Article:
Most people make at least one financial mistake when they retire. In fact, it’s not uncommon to completely botch your finances once you stop working. Here are the most common mistakes, and how to avoid making them when it’s your time.
One of the biggest mistakes retirees make is that they make withdrawals too early. The IRS imposes a 10 percent early withdrawal penalty on all withdrawals from retirement accounts prior to age 591/2.
This is in addition to the normal income tax due on such withdrawals. According to Money Looms, even loans from 401(k) plans can be subject to the 10 percent penalty if you fail to repay them on schedule.
So, to protect yourself, don’t make early withdrawals. And, if you do want to retire early, you will need to find a retirement advisor who specializes in IRS rule 72(t) withdrawals. These are special withdrawals that allow you to skirt the 10 percent penalty. But, the calculations and rules can be complex, and penalties are stiff if you mess up (which is why it pays to work with an advisor when you do this).
For most people, it’s best to wait until your 60th birthday before making any withdrawals. This avoids the potential for errors in the 591/2 calculation or early withdrawal calculations under IRS rule 72(t).
Giving Up The Matching Provision In 401(k) Plans
The matching provision in 401(k) plans allows you to get more money than you otherwise would get from your employer. 401(k) matching contributions typically work like this:
You contribute a sum of money. Your employer matches your sum with a fraction of the amount you contribute. Some employers are generous and match up to $1 for every $1 you contribute. In most cases, employers limit the match by capping it at a certain percentage of your income.
So, for example, your employer might match you $0.50 for every $1 you save in your 401(k) up to 3 percent of your income. It’s still a good deal though, and you shouldn’t neglect it – it will add a substantial amount to your retirement savings.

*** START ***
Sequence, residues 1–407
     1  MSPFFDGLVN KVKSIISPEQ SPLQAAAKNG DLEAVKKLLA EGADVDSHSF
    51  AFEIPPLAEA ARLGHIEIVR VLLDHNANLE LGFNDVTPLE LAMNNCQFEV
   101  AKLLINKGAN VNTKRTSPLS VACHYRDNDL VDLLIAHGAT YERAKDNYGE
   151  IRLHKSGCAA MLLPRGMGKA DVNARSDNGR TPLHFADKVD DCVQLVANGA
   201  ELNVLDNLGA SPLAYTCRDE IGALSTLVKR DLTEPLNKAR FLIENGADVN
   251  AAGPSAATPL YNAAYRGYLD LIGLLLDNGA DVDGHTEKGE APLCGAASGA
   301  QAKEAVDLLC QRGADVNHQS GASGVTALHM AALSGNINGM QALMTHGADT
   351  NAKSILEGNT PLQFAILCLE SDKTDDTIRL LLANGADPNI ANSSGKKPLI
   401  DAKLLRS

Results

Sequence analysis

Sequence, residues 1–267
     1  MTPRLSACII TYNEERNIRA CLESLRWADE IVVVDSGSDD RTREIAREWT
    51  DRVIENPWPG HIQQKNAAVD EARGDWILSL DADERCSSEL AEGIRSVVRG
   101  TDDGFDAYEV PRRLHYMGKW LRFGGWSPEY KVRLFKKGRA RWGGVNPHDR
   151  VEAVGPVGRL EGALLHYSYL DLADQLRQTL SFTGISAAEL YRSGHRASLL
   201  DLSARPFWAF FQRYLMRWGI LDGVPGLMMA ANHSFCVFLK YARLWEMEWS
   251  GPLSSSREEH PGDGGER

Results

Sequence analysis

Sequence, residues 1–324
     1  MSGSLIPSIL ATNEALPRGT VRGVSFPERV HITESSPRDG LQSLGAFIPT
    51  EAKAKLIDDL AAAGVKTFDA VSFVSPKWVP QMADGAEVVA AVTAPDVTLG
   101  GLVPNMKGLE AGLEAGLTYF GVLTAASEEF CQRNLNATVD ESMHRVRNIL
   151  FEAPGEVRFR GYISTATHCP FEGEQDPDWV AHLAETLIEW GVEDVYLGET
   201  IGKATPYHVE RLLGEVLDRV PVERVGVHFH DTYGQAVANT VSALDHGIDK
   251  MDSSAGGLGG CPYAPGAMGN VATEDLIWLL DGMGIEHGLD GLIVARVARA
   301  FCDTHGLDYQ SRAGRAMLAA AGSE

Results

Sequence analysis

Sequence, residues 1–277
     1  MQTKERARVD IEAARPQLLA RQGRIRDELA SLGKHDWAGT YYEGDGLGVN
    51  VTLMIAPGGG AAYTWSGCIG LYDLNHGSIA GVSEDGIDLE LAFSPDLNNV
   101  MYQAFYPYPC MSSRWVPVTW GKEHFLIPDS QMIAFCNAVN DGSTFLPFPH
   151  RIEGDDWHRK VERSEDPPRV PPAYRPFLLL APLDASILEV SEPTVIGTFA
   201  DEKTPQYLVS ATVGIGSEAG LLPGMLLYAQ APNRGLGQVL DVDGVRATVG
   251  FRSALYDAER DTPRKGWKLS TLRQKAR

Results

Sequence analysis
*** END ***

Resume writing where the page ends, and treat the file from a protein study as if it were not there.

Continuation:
Not Saving Enough
Most people under-save. While there are no hard and fast rules, most people need to save at least 15 percent of their gross income to have a secure retirement. But, the national savings rate is just 4.9 percent.
If you want to have any chance at success in the future, you need to bump it up by at least 10 percent from where you are now if you’re currently only saving 5 percent of your income.
Not Using Annuities
Most people overestimate their ability to handle and manage risk. According to some insurance companies, immediate annuities are a better way for retirees to get a steady paycheck each month after they retire.
That’s because the swings in the stock market make drawing a consistent income impossible. But, an annuity smoothes out that volatility by converting some or all of your savings to a monthly income stream. The insurer will guarantee your income until you die, with some annuities offering payout provisions after your death.
Author Bio: Allen Foster is founder and primary author at Money Looms. Through Money Looms and his writing, Allen wishes to pass on simplified money insights that people can put to prudent use, to make the most of money that comes into their lives.